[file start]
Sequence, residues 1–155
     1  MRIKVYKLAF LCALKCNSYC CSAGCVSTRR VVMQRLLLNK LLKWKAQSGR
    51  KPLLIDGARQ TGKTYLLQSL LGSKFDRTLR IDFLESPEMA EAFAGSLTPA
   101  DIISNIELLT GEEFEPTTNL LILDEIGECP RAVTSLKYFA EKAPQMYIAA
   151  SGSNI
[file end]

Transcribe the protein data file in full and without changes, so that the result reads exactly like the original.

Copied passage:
Sequence, residues 1–155
     1  MRIKVYKLAF LCALKCNSYC CSAGCVSTRR VVMQRLLLNK LLKWKAQSGR
    51  KPLLIDGARQ TGKTYLLQSL LGSKFDRTLR IDFLESPEMA EAFAGSLTPA
   101  DIISNIELLT GEEFEPTTNL LILDEIGECP RAVTSLKYFA EKAPQMYIAA
   151  SGSNI